Communication goes far beyond words, cutting across how we see visuals, hear speech, interpret body language etc., via multimodal texts that use different means to send messages. And multimodal communication is everywhere.
For example, I have been watching a webseries, Frankenstein, MD, by Pemberley Digital Studios. It’s a modern retelling of Shelley’s Frankenstein in the form of a young scientist’s research vlogs. The webseries incorporates linguistic elements in its script, visual elements in the video graphics, aural elements from the dialogue and soundtrack, spatial arrangements of props and graphics and gestural elements through acting. Together, these modes convey the humorous apathy of Victoria Frankenstein and the situations and crises she faces.
Exhibit A: Shots from web video series Frankenstein, MD by Pemberley Digital Studios.
(Above) Here’s a Lärabar I found in my kitchen. Part of the Lärabar’s iconic design is its red brand label with the peach-colored block letters and border, with a colored background. I consider the range of Lärabars I’ve seen in Kroger’s. The red-and-peach brand label is constant to all Lärabars. It unites the front of a wall of assorted flavors of bars from the same company. Yet it is the color on the wrapper background, outside the branding label, that always varies. Isn’t this a visual mode of communication? The blue color syncs with the “blueberry muffin” text.
See this image above. (Credits:https://craftycoin.com/favorite-food-friday-larabar/). The brand label is kept standard, communicating consistency of the brand, while the assortment of colors visually communicates the different flavors! (Yellow for lemon, brown for chocolate, green for apple). That’s just the visual. Let’s also consider, linguistically, the way they named the bars: “Cherry pie”, “pecan pie”, “cashew cookie”. Why not just “cherry”, “pecan”, “cashew”? There is no way a Lärabar resembles a pie or muffin. Perhaps the use of those extra words like “pie”, “muffin”, “cookie” is meant to create associations with desserts. Since Lärabar is marketed as a health food, this perhaps also targets health-conscious consumers’ more indulgent dietary cravings. Those extra words make us think we are eating dessert instead of a “health food bar” (quote marks because healthy skepticism of “health branding”!).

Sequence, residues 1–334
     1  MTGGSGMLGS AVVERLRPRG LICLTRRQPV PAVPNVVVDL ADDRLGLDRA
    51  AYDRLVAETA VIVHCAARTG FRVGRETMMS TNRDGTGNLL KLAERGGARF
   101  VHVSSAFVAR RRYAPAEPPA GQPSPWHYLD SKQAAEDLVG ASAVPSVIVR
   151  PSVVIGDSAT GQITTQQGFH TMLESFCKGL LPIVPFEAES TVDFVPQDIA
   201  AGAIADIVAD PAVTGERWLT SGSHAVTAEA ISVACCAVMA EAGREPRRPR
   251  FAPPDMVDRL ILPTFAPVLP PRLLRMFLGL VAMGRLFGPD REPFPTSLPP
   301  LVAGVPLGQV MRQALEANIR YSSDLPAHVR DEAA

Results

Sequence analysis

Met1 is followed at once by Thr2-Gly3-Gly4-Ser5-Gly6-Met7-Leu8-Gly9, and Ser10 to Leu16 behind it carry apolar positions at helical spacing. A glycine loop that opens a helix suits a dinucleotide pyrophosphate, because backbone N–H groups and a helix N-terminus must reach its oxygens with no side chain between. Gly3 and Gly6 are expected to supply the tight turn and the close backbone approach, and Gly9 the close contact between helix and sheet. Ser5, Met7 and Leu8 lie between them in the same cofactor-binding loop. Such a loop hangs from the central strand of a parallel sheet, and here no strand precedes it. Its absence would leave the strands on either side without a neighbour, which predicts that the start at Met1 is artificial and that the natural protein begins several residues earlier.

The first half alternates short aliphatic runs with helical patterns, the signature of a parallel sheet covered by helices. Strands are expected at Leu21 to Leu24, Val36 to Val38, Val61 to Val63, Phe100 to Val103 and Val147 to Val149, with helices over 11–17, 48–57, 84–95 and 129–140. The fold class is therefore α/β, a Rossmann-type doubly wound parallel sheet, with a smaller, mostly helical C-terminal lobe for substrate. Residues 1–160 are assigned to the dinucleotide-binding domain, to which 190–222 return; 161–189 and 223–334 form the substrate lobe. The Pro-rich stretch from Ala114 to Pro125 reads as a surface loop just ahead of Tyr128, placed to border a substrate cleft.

Just another day sitting in East Quad trying to write this assignment. I’m sitting in front of the Residential College wall calendar.
I never really appreciated the importance of spatial modes in a calendar. There are so many ways a calendar can be organized. A list? A series of weeks? This calendar’s table form represents the whole month such that it’s easy to follow because of the grid week-by-day structure. Within the calendar spaces, things get organized by date. Within each date you get various ways of sending messages, be it flyers, post-it notes. These all employ various linguistic choices (Short and sweet? Dramatic? Thought-provoking? Enticing?), or visual elements (flyer designs).
These observations of multimodal text heightened my awareness of communication modes that permeate, no, barrage my senses with information daily. It also gives me ideas for my experiment cycle. The Lärabar wrapper has me thinking about the role of moving parts interacting with a constant and how that conveys both consistency and variety at the same time. I could explore this by manipulating genre conventions in my experiments, by playing on certain tropes while adding layers of variance to each trope.
I want to end off with this image beloq. This is one of the bags my roommate and I use for groceries. It says “I’m not fat, I’m fluffy” in German and shows an adorable unicorn scarfing down a cookie. How better to convey a humorous message about food and denial than via a fluffy hungry unicorn?